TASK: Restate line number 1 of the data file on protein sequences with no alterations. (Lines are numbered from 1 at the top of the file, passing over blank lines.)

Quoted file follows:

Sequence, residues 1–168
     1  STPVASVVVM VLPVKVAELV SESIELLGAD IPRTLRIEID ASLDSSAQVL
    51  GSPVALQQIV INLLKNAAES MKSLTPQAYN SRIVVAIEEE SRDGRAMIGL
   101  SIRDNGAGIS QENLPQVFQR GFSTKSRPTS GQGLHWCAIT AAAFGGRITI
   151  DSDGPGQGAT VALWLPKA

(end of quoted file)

Sequence, residues 1–168